Wikipedia describes the race as such: "The Mount Mitchell Challenge is a 40-mile Ultramarathon run in February of each year from the town of Black Mountain, NC to the top of Mt Mitchell, the highest point in the Eastern US, and back down again. This race, intentionally run in Winter to ensure harsh conditions… the course has seen every type of weather imaginable… rain, ice, snow, sun… " unner. Having heard rumors about the lottery selection process from other runners, I knew there was no way I was going to get into run the race by just entering once. Many athletes enter year after year without getting in. So, without too much thought, I filled out the application. Under "best marathon time," having never run anything resembling the distance, I wrote, " hiked the PCT in 4 months."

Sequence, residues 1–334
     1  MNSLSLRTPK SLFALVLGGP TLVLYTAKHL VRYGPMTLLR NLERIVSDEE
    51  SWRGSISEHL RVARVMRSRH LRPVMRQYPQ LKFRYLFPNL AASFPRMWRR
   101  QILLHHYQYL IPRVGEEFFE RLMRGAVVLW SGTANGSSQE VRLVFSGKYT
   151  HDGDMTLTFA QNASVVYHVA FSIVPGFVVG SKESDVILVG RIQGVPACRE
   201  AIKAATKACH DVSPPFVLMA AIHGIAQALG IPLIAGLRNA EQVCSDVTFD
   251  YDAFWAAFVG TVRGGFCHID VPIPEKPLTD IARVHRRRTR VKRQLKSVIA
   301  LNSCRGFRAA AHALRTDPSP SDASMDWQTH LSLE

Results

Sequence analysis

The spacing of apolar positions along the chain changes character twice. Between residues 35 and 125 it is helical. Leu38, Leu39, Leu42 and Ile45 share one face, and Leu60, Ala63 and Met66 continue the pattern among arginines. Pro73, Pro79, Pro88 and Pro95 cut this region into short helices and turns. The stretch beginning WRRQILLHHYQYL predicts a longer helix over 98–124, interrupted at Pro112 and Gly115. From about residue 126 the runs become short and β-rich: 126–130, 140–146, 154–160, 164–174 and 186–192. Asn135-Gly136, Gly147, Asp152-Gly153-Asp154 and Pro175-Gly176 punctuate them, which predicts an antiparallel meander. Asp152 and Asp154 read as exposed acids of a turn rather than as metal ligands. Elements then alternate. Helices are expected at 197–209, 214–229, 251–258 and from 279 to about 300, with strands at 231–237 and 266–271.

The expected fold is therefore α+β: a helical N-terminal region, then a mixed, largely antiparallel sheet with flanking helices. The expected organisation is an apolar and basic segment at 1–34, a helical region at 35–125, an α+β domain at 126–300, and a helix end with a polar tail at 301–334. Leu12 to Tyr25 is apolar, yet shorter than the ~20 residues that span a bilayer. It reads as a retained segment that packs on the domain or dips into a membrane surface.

A few days later, I woke up to an email saying, "Congratulations! Your entry into the 2019 Mount Mitchell Challenge has been confirmed!" I was dumbfounded, and immediately felt doomed. I had run a half marathon once many years ago, but that was about it. Now, I had to train for a 40-mile race up and down the tallest mountain in the eastern United States?

Enter the Gossamer Gear Kumo backpack.

In order to even start training, I needed a high capacity running pack. Looking at the packs I had, it looked like the Kumo could do the job. I could fit water, a purification method, an emergency blanket, a trowel for bathroom breaks, Lightheart Gear Rain Mitts, a Wind Shirt, Microspikes, and many layers, including an entire bag of clothes to be kept dry no matter what. In addition, I could stash plenty of Gu's and snacks (my favorite being microwaved red potatoes).